Adobe will make a major change to its distribution model in the next few weeks with the introduction of its Creative Cloud.
There are three parts to it, says Michael Stoddart, Australasian product marketing manager. Firstly, registrants will be able to download all software when they want it. That means modules of a suite, if desired.
The second part is assistance in helping customers publish services on their web sites. This will be delivered online through Business Catalyst, an Australian company purchased by Adobe, helping customers customise their sites through services such as online marketing, checkout processes and credit card payments.
Third will be a “general community” where users can find support.
“We’ve yet to announce the final details but it should be a matter of weeks,” Stoddart says.
“Customers will be able to go direct or through the channel. We’re a channel-focused business. We don’t compete on price with our channel.”
Creative Cloud will be launched in New Zealand and Australia at the same time as in other parts of the world.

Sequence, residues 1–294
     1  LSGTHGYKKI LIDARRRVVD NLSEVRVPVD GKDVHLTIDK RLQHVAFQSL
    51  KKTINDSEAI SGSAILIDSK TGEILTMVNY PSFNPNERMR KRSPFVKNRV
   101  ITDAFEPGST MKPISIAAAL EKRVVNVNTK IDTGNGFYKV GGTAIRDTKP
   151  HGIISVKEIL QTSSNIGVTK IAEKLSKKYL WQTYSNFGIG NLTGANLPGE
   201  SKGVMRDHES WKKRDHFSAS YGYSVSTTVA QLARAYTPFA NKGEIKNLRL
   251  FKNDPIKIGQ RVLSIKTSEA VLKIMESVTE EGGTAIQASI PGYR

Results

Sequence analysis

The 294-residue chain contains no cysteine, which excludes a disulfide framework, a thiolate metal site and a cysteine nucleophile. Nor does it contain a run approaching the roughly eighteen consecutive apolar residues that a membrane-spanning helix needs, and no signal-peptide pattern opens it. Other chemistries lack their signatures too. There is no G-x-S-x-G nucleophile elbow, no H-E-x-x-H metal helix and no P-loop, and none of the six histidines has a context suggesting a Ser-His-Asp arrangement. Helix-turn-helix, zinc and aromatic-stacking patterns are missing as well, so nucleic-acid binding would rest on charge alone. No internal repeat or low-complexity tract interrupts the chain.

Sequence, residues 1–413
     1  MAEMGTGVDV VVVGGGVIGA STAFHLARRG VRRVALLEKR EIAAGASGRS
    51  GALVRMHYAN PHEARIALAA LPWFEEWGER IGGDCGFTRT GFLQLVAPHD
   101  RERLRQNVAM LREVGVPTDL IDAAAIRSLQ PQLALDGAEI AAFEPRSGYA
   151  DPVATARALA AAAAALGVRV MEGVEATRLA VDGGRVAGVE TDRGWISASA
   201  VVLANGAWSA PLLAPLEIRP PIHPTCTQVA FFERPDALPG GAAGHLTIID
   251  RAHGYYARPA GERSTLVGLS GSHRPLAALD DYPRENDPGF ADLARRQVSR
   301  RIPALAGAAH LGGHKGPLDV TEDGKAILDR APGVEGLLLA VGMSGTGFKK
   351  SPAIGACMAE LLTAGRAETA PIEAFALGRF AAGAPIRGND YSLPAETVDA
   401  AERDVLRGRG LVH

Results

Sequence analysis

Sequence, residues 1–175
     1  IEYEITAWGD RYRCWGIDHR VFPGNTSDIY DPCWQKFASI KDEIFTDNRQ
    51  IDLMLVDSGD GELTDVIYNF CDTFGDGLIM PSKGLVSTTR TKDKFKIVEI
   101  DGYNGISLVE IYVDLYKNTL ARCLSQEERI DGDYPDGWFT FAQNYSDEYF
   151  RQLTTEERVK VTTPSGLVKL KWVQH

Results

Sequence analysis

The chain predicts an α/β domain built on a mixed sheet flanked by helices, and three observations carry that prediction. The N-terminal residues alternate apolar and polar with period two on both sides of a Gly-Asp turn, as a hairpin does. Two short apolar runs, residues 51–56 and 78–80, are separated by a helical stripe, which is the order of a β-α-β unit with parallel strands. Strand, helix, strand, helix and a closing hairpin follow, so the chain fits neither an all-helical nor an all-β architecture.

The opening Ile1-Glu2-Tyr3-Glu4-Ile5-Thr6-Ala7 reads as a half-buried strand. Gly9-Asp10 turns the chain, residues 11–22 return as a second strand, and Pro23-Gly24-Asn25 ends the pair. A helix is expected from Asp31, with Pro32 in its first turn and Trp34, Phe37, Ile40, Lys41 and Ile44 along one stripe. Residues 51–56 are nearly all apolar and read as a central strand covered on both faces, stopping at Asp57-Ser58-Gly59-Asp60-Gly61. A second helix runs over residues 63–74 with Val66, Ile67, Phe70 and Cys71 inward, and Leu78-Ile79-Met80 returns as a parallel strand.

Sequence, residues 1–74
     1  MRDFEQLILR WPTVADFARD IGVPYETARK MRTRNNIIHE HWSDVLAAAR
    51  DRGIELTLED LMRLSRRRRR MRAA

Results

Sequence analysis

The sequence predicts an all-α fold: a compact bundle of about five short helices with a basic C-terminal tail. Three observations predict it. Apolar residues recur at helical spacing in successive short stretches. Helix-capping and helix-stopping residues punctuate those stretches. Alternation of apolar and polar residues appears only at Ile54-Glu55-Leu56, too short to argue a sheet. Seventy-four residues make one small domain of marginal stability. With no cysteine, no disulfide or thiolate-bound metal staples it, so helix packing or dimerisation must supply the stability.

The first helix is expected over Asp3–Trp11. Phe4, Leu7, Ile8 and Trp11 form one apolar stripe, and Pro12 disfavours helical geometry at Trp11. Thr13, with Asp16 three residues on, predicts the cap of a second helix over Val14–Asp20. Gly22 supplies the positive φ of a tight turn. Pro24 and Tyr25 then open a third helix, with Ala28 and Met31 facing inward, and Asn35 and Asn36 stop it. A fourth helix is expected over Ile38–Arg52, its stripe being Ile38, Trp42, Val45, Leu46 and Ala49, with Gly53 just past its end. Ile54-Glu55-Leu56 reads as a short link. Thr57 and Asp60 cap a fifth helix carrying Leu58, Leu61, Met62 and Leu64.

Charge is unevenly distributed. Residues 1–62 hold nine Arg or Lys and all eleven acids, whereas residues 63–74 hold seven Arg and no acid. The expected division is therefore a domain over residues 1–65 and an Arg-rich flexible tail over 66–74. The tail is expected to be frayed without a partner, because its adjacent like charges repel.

“New Zealand is a first-class market for us,” Stoddart says.
Creative Cloud will allow customers to make incremental upgrades rather than face a major release every two years,” he says.
“This will be a very attractive offer. It also means capex will move to opex.
“This is going to be a game changer for Adobe. It brings software to the market in a new way.”
The launch of Creative Cloud will be around the same time as the next release of Creative Suite, he says.
Stoddart says there are likely to be “half a dozen” tablet applications. “Creative may move from the desktop to tablets.”